There are many reasons why a dog bites. Dogs bite out of fear or to protect their territory or to establish their dominance over the person bitten. Some owners mistakenly teach their dogs that biting is an acceptable form of play behavior. And every year a number of newborn infants die when they are bitten by dogs who see them as "prey."
What Should I Do As A Parent?
Teach your children to avoid coming in contact with dogs that are unfamiliar or unknown. Many incidents occur because a child believes a dog is friendly when in fact it is not.
But even known dogs can lash out unexpectedly. Never scare or aggressively approach another person’s dog. Always move cautiously until the dog feels comfortable around you. Always ask the owner about the dog before making contact with the animal.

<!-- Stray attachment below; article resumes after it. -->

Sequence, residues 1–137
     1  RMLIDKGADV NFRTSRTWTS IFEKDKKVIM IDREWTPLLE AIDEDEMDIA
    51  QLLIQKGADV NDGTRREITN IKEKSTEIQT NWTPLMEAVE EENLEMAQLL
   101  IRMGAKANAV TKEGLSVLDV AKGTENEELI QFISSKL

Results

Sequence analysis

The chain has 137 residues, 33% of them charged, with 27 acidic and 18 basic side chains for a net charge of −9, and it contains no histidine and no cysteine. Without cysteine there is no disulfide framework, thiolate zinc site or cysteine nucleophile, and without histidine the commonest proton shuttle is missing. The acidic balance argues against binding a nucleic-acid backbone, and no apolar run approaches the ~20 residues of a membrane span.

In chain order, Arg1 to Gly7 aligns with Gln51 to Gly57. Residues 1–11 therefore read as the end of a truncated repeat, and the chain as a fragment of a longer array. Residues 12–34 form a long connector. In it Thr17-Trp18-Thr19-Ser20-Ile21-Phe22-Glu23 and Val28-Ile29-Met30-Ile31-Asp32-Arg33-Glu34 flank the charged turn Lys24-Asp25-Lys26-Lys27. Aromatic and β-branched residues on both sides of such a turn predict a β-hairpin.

Never assume a dog is friendly until you can confirm that fact with the dog’s owner.
What Should I Do As A Dog Owner?
Because dog bites occur for a variety of reasons, many components of responsible dog ownership, including proper socialization, supervision, humane training, sterilization, and safe confinement, are necessary to prevent biting. Dog owners should be responsible by making sure the animal is safe around people, especially children.
A dog should be tested for aggression. Formal dog training is also worthwhile. A competent dog trainer can determine whether the animal is too aggressive, or that certain precautions should be made when the animal is around other people.
Dog owners should always carry insurance. Most homeowner policies will offer liability coverage for injuries or damages inflicted by your dog.
If you or a loved one is bit by a dog and looking for help, contact an attorney with experience handling dog bite incidents.